Check this category every week for a new set of ceaselessly confused, misused or misspelled words to master. Break the cycle of language abuse!
What trouble could these simplest of words cause? As it turns out, plenty. This mistake gives me a major headache, so I’m on a campaign to eradicate it from the universe. Here we go.
“I would of loved to of gone to the concert but I didn’t have the money,” said Sass.
“You should of told me that you needed money. I could of loaned you some,” said Pixie.
“If I’d of thought of it in time, I might of,” said Sass. “But then I wouldn’t of known when I could of paid you back, so it’s just as well.”
“It wouldn’t of been a problem, Sass,” said Pixie. “My dad has plenty of money for all of us. He’d of foot the bill!”
That was painful. What’s that you say? You don’t see a problem? That, my friend, is why it’s a problem. Let’s fix it right now.
We often use contractions in our speech. We rarely say, “I wish you would have told me.” Instead we’ll say, “I wish you would’ve told me.” In spoken English “would’ve” sounds a lot like “would of” (which actually makes no sense at all since “of” is a preposition in a place where we need a verb). We may think we’re saying “of” but we’re really saying “have.” So we sometimes switch the contracted “have” (‘ve) for “of” in writing, too. Hence the travesty of language that appears in our little dialog above.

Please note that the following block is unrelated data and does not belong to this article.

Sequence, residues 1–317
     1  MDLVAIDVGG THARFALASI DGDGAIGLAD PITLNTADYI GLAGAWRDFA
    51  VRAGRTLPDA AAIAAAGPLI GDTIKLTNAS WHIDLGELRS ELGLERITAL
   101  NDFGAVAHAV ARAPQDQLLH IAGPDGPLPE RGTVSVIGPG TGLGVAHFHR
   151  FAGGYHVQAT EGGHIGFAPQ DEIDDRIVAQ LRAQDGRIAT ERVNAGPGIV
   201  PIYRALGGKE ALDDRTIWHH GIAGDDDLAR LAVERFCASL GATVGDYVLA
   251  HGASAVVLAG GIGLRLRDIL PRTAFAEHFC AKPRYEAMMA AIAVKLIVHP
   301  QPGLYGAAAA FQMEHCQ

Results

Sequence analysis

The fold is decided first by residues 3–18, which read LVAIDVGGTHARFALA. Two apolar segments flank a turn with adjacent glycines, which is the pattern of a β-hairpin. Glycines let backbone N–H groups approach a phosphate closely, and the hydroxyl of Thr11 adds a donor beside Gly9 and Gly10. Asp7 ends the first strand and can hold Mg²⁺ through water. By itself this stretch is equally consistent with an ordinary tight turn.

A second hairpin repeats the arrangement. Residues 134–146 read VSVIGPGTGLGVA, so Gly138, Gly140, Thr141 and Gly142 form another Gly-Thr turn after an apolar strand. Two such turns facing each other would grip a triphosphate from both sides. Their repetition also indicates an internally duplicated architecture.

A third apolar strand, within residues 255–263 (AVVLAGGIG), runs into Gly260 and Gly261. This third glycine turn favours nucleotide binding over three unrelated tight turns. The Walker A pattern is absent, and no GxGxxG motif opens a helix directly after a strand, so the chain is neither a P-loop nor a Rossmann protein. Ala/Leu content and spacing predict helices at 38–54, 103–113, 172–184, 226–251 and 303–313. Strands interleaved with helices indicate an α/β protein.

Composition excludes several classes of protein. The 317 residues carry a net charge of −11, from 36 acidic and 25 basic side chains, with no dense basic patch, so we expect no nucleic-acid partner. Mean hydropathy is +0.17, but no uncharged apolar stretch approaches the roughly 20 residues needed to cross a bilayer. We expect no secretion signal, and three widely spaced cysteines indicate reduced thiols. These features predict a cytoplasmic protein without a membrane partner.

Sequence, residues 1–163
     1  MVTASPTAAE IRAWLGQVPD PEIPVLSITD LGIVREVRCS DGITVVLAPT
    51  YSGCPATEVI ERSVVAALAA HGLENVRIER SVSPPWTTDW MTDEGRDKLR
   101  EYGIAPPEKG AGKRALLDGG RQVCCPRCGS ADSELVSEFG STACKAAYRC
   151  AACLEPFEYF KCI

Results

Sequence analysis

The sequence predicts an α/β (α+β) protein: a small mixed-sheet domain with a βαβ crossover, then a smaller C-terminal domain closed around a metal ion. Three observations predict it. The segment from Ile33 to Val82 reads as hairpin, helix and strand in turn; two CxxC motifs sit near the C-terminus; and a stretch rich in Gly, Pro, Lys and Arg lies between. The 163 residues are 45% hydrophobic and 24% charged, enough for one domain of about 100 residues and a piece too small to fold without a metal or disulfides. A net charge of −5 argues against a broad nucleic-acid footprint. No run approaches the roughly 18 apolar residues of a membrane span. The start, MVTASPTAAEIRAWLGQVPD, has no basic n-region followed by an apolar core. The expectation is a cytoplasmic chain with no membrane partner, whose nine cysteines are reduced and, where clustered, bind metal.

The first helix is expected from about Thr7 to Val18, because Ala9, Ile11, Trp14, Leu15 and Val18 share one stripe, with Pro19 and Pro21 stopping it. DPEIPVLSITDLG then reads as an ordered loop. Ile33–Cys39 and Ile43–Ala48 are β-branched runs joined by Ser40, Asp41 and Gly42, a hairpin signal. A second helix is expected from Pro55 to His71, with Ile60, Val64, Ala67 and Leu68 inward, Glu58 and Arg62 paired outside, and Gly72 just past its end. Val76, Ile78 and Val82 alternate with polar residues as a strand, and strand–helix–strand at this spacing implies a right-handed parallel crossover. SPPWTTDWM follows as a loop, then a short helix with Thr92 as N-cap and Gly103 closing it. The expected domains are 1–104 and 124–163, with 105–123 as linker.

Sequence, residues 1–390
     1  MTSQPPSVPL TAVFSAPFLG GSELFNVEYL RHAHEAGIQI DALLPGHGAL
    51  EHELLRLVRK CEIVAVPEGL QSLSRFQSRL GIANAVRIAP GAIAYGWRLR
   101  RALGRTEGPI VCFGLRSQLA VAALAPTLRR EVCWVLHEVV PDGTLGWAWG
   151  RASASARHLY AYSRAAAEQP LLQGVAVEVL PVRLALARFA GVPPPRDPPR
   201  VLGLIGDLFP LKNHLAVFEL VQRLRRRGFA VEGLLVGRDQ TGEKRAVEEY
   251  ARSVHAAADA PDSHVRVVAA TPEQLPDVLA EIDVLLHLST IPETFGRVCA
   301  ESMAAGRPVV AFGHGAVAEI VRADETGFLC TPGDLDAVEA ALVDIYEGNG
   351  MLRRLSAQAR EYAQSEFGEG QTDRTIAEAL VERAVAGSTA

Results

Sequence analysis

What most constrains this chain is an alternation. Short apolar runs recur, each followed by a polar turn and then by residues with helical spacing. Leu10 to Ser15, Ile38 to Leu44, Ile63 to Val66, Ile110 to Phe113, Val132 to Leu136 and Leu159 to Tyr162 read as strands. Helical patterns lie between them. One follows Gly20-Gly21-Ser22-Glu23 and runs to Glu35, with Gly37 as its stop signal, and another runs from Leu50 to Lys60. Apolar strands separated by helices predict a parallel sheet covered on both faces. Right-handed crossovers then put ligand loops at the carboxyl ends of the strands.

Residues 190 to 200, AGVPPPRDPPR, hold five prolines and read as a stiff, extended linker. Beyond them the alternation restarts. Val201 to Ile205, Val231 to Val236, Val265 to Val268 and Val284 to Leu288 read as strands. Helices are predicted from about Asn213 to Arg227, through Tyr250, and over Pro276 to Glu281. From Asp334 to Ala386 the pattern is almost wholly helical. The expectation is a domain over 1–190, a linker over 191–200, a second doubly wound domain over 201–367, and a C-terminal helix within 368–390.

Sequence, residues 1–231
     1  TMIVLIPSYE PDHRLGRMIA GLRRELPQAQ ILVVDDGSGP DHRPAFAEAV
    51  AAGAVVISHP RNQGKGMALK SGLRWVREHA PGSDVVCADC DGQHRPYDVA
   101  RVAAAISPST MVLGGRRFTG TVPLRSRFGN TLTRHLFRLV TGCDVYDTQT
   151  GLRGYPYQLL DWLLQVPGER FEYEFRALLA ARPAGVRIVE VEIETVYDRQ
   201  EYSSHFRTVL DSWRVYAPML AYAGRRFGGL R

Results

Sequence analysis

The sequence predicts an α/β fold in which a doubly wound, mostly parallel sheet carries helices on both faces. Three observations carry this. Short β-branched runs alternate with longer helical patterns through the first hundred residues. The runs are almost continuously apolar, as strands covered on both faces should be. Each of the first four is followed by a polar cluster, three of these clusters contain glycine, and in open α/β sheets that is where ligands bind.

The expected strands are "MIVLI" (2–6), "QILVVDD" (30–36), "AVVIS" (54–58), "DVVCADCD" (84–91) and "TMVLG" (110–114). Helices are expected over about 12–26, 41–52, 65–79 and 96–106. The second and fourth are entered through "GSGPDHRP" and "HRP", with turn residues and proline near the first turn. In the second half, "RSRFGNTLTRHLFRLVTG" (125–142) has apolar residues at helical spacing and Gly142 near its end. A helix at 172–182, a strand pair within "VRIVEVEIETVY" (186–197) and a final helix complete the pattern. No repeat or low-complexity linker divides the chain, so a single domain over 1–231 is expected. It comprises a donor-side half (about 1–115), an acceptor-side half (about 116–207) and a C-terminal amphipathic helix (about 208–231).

Could’ve. Would’ve. Should’ve. Each ‘ve means “have” not “of.” This misconception then spills over to other conversational contractions like I’d’ve. Might’ve. Wouldn’t’ve. Love to’ve—words we say but don’t usually write. Then, instead of “I’d have” or “I’d love to have” we find ourselves writing “I’d of” or “I’d love to of.” And pretty soon my head hurts so badly that I have to lie down.
So here’s my advice. Stop it. Stop it now. Start stopping it by editing the dialog between Pixie and Sass and rewriting it correctly.
Ah. My head is feeling better already.
(Look for the corrected version on the Less/Fewer entry.)
Answers For Uninterested / Disinterested–Un, Un, Un, Dis, Un